Widely considered a noble concept as a social movement, tolerance takes on a whole new meaning from a divine feminine perspective of value. Here’s what I mean.
Back when I was teaching, I spoke a lot about tolerance, mainly because I found social, cultural, religious, or ethnic intolerance so painful to tolerate.
But yesterday, in the Money Mirrors virtual retreat with my coach Elizabeth Purvis
and colleagues in Goddess Business School, something about tolerance really sank in for the first time.
Life is full of things we tolerate until they become such that we can no longer stand them.
How long do we wait to make a change? Until we can no longer see the roses for the thorns.
Too often, when we ask how another human being feels, how their life is going, they say “tolerable.” It’s a Southern thing. A middle class thing. A working class thing. I’ve heard it all my life. So have a lot of us. Tolerable is not good, not bad. Somewhere in between. Somewhere in Limbo. Not happy, not sad enough to do anything about it. Tolerable is something a lot of us come to expect. We come to mistakenly believe tolerable is acceptable.
In the name of all that is divine in the universe, I invite you to stop, right now, and make a list of all the things you tolerate in your life. In what areas are you “putting up with,” “marking time,” or “suffering through?” I bet more than you’d like.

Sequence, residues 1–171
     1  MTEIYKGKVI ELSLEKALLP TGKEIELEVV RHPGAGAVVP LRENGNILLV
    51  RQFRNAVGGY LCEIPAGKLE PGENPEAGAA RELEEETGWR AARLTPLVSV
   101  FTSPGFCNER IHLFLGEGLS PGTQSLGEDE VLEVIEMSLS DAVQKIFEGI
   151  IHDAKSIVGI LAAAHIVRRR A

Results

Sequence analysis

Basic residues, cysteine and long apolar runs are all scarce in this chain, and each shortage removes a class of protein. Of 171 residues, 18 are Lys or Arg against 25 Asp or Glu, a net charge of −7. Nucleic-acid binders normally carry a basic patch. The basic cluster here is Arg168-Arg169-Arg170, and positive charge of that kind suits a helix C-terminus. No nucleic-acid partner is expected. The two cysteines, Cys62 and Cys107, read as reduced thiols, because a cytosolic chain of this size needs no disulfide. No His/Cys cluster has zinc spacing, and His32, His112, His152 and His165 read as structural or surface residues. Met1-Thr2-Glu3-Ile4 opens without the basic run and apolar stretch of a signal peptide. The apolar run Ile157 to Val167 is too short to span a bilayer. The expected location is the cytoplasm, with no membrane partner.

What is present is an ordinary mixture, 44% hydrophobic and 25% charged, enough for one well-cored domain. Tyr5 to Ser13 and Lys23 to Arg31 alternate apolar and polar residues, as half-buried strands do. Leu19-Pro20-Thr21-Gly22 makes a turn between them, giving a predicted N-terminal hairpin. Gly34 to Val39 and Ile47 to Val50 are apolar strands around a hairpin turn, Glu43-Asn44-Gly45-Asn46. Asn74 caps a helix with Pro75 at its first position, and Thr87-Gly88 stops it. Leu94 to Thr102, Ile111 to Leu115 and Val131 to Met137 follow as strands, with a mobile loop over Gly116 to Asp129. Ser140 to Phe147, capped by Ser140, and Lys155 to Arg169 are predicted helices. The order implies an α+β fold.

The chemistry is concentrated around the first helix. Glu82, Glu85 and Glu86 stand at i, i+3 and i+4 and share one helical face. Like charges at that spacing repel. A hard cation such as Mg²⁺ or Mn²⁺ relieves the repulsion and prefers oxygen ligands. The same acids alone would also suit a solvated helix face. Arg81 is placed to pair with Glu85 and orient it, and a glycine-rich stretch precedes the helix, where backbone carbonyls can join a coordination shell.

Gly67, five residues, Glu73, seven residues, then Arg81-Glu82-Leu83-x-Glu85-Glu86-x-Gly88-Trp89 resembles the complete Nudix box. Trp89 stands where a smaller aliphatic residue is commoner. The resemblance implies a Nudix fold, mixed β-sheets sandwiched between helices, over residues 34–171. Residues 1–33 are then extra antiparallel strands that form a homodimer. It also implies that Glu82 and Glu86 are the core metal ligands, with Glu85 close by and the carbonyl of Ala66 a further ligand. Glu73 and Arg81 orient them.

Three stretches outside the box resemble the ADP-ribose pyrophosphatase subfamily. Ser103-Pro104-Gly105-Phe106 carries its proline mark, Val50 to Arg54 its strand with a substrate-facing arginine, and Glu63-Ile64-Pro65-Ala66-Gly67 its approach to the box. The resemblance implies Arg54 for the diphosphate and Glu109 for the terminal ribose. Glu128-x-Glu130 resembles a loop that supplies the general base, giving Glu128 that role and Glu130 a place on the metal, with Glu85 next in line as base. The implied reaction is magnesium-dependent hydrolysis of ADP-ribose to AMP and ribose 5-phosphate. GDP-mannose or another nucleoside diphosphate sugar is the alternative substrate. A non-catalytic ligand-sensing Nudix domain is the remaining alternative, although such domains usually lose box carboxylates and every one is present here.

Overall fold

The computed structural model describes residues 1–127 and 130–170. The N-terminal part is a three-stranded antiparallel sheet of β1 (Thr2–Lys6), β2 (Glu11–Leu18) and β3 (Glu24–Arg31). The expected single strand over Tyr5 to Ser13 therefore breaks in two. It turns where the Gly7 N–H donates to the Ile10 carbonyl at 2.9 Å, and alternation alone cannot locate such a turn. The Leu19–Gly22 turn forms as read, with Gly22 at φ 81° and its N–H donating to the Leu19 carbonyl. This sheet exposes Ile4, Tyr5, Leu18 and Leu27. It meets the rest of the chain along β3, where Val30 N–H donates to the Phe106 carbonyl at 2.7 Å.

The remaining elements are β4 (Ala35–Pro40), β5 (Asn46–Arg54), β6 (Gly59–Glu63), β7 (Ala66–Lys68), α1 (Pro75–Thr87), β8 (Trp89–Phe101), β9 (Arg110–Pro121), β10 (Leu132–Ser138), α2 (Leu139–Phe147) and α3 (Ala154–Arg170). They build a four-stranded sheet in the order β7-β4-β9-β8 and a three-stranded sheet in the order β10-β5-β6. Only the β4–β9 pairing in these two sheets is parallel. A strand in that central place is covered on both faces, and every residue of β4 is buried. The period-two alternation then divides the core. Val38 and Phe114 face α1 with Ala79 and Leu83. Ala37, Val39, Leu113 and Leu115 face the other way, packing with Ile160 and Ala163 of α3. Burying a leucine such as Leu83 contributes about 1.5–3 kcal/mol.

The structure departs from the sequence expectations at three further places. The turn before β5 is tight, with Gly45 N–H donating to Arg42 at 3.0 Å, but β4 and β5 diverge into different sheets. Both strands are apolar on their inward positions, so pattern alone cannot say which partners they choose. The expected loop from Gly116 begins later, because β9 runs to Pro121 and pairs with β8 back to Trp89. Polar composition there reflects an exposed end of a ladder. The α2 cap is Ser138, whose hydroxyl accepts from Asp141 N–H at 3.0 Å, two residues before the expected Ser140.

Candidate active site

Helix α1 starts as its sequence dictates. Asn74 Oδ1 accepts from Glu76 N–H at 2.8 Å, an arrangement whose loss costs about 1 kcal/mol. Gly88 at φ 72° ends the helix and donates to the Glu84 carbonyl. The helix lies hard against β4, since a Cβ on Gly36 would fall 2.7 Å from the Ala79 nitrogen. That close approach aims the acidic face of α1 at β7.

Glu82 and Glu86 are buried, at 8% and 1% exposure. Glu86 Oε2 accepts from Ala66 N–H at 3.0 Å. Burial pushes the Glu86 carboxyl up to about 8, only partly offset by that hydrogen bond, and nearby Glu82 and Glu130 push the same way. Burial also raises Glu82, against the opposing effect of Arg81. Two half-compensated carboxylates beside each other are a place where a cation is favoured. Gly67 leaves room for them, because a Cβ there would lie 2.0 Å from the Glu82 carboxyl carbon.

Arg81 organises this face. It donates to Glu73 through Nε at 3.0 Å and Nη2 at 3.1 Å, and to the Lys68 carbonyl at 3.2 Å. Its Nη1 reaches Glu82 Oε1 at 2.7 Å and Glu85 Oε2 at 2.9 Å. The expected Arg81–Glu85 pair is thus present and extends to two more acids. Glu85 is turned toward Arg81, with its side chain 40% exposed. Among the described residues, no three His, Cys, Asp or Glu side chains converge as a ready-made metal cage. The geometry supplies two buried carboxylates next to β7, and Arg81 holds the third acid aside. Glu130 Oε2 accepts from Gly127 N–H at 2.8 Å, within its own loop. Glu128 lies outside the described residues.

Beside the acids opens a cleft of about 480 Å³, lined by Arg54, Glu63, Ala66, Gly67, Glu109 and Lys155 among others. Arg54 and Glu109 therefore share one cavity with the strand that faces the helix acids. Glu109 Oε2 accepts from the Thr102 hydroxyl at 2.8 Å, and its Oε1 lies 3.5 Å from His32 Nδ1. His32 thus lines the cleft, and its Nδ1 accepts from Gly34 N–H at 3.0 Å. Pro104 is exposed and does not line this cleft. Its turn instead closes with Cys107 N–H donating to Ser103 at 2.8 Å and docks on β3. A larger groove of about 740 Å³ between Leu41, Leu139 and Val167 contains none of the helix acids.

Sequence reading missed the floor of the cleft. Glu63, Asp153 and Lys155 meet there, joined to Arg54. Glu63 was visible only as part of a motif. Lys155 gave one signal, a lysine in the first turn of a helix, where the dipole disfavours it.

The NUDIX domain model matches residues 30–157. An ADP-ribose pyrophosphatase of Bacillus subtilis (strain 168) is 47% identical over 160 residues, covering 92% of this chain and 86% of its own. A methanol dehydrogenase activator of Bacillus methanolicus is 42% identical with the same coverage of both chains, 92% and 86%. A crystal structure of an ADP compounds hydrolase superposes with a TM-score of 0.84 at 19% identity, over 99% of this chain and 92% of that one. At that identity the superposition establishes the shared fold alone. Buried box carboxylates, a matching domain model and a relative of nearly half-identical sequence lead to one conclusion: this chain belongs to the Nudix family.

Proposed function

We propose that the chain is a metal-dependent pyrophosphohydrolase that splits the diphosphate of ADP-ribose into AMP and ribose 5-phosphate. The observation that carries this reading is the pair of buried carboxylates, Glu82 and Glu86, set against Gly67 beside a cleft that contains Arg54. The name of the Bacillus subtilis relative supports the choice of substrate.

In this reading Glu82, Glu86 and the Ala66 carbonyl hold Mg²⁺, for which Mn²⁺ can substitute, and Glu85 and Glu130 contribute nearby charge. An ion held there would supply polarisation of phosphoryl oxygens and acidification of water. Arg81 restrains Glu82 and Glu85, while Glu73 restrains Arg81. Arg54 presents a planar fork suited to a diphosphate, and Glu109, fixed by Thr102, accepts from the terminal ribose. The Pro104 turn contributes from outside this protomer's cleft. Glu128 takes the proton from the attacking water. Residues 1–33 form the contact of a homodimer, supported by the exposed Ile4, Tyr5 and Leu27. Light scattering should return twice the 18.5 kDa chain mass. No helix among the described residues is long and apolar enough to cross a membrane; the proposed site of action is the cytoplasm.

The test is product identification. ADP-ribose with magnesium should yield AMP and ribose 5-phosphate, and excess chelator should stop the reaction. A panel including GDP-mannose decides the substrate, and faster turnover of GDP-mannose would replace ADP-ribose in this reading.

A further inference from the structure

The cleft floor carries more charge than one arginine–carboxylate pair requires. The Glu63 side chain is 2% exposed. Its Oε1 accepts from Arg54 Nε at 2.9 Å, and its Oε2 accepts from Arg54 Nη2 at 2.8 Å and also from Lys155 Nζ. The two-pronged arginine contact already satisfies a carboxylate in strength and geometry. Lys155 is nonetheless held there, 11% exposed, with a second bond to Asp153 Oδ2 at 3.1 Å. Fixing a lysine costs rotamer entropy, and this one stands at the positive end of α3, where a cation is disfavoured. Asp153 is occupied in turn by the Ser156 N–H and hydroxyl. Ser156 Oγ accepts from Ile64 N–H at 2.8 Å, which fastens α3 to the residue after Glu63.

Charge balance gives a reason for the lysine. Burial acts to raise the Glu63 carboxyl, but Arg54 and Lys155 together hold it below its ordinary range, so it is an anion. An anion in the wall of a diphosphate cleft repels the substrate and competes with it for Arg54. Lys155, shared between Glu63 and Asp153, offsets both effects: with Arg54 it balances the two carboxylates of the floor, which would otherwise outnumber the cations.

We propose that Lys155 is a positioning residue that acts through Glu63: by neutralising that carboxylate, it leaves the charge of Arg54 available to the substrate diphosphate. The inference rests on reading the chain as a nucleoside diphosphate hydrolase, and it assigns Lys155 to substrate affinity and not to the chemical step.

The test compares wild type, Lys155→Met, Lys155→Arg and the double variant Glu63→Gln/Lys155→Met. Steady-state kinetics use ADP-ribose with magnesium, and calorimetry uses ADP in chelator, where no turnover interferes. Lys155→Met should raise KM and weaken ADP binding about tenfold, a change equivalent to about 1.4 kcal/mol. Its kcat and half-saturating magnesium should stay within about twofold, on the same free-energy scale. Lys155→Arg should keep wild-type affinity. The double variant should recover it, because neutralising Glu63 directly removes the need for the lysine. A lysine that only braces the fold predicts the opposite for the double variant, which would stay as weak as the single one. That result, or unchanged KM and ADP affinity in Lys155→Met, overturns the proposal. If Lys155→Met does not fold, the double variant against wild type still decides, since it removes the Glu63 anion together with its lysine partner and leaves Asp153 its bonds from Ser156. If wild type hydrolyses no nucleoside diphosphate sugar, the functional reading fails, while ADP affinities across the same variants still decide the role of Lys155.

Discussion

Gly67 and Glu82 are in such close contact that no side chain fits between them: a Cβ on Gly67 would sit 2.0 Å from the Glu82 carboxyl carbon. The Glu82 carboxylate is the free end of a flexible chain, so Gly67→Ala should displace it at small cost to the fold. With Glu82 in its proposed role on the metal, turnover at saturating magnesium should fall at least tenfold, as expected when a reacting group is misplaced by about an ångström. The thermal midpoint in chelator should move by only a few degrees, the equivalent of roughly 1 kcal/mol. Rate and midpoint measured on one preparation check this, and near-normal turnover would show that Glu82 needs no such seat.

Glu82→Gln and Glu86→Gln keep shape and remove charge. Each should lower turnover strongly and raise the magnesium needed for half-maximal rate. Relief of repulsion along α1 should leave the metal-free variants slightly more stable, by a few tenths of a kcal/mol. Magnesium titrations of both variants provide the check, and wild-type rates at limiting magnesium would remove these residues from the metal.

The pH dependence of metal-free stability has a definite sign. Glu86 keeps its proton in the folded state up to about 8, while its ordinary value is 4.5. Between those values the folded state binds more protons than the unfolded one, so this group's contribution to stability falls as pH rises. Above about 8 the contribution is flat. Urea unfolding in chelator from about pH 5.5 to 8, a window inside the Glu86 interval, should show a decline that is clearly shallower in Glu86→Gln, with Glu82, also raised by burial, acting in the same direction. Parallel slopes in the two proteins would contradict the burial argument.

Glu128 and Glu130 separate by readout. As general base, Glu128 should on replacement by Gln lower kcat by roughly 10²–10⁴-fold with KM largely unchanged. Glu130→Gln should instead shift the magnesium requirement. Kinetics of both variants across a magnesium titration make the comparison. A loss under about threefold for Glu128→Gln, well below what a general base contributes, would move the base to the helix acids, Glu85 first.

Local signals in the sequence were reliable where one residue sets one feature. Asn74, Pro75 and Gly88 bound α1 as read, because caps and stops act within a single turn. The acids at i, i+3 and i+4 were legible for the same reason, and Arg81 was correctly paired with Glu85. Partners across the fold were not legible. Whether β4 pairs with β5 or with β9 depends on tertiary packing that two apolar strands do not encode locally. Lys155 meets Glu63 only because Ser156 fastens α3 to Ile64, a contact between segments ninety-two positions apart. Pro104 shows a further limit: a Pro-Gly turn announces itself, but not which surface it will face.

I have to ask, so just nod your head if this is correct: Are these also the reasons you’re not living your soul’s purpose?
What’s on your list? Is it a soul-sucking job? A relationship gone sour? A friend always in need but not in deed? Or a habit of trying to do everything ourselves? What is the impact of that in your life? What is it we’re tolerating that’s costing us flow (money), life force (energy), and time (our only non-renewable resource)?
What, and how much.
Now, consider the cost to you of allowing it to continue. Add up the numbers, calculate the hours. What is it worth to you? What would you gain if you no longer tolerated the things you find painful? How would it feel to you to be free of those things? These are questions deserving of honest answers.
“Behavior is driven by beliefs,” Elizabeth says. And she’s right. The change we need to be in the world suddenly becomes obvious when we look at the things we tolerate. To be the change, we must take a clear decisive action. When we take it, we have the honor of forming a new belief about ourselves and our value. We have the choice to change our beliefs about our worthiness, and act accordingly.
When we make decisions and take action, it’s a lot easier to stop and smell the roses along the way because now we’re going somewhere!
What are you tolerating in your life? What action can you take to be the change you wish to see? In making that change, decisively, what do you say about your Self?
Please share your thoughts and feelings below.